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OSNAP: Overturning in the Subpolar North Atlantic


OSNAP is an international program designed to provide a continuous record of the full-water column, trans-basin fluxes of heat, mass and freshwater in the subpolar North Atlantic. The OSNAP observing system consists of two legs: one extending from southern Labrador to the southwestern tip of Greenland across the mouth of the Labrador Sea (OSNAP West), and the second from the southeastern tip of Greenland to Scotland (OSNAP East).

The observing system also includes subsurface floats (OSNAP Floats) in order to trace the pathways of overflow waters in the basin and to assess the connectivity of currents crossing the OSNAP line.

OSNAP: Floats

Deep RAFOS floats were used to track the pathways of the lower limb of the overturning circulation through the subpolar North Atlantic.  These passive drifters were ballasted to drift at depths ranging from 1800 to 2800 meters, and deployed in the deep boundary currents: along the western side of the Reykjanes Ridge in the Iceland Basin, Read More

in the Charlie-Gibbs Fracture Zone which is a deep channel connecting the east and west North Atlantic Basins just south of the Rekjanes Ridge, along the eastern side of the Reykjanes Ridge, and, finally, along the eastern side of Greenland in the Irminger Sea.  The floats seeded the components of the deep AMOC limb: the Iceland-Scotland Overflow Water (ISOW) in the Iceland Basin, through the CGFZ, and along the east side of the Irminger Sea, and the combination of ISOW and Denmark Strait Overflow Water (DSOW) that makes up the deep limb on the west side of the Irminger Sea (east of Greenland).  Using this tool allowed us to connect the deep limb of the AMOC between and beyond the mooring arrays.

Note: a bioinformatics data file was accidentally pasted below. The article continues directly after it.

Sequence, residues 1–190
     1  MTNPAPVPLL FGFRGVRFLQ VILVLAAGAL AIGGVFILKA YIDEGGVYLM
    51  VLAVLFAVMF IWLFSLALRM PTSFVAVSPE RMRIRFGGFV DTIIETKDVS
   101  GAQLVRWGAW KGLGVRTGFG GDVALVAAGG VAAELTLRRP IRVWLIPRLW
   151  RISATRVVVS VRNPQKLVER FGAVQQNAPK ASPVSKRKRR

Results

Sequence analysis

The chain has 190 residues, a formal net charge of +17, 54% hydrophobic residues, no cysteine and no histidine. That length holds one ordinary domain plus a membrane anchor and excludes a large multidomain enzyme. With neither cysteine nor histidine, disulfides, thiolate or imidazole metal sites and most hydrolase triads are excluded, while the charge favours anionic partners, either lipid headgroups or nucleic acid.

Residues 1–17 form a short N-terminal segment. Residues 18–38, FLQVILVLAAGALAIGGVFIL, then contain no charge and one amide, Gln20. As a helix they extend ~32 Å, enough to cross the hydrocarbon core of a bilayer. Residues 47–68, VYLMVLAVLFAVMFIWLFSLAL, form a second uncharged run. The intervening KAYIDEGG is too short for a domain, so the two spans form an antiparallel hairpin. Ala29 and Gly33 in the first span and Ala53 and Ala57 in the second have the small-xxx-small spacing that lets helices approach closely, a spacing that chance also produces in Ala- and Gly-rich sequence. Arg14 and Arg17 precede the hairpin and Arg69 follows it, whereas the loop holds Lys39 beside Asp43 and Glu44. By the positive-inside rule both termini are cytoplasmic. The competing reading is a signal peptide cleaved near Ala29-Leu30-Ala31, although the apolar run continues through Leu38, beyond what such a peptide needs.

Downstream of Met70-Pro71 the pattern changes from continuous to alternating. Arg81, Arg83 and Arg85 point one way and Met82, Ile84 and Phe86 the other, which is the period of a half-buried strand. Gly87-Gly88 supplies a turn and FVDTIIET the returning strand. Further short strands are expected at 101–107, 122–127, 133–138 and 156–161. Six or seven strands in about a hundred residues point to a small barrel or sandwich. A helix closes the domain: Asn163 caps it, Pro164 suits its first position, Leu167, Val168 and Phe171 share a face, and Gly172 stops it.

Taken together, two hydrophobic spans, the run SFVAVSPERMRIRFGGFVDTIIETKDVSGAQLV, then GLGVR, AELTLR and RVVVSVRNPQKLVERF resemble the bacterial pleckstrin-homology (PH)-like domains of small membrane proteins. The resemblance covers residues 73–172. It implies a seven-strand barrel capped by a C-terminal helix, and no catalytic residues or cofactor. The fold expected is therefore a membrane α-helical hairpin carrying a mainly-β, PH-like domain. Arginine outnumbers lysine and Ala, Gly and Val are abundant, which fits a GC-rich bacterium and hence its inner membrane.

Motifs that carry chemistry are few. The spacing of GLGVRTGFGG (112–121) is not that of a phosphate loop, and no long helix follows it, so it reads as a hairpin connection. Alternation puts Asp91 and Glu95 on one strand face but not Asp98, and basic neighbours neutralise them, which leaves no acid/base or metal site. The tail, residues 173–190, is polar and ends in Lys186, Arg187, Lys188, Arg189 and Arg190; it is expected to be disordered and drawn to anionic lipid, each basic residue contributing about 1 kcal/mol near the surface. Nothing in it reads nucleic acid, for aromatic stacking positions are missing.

OSNAP: Moorings

The Bower Lab is responsible for the Greenland Deep Boundary Current mooring array located offshore of the shelf break east of Greenland, bracketing the OOI Irminger Node.


OSNAP: Gliders

EKE across supolar norht atlantic w/ glider track loc

A WHOI-OUC collaboration took place from 2014-2016 where TWR gliders were deployed and maintained west of the Rockall Plateau along the OSNAP line.  The glider array was used to measure the highly variable branch of the NAC which travels over the Charlie-Gibbs Fracture Zone and continues into the Iceland Basin, meandering northward towards the Iceland-Scotland sill.



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This project is generously funded by the National Science Foundation.

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